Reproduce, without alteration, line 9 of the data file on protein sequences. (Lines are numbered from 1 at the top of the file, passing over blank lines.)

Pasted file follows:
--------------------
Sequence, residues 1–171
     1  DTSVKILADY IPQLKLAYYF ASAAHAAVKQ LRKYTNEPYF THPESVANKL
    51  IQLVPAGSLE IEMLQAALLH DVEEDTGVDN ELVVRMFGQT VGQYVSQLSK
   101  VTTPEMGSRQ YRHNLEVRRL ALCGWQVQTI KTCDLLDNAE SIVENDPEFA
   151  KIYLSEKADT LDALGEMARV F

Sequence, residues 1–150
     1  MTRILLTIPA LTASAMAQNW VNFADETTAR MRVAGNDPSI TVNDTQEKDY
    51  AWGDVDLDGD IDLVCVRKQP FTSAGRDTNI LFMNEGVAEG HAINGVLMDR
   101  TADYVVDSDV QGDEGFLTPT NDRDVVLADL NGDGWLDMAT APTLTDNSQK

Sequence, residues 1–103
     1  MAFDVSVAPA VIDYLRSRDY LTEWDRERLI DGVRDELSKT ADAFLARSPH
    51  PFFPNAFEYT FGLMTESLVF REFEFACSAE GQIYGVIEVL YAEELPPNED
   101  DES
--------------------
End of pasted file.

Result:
   101  TADYVVDSDV QGDEGFLTPT NDRDVVLADL NGDGWLDMAT APTLTDNSQK